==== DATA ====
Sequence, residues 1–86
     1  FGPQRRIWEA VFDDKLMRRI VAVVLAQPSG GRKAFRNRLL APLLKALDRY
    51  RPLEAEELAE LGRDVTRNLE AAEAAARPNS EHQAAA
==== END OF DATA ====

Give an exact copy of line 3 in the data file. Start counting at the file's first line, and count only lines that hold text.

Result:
    51  RPLEAEELAE LGRDVTRNLE AAEAAARPNS EHQAAA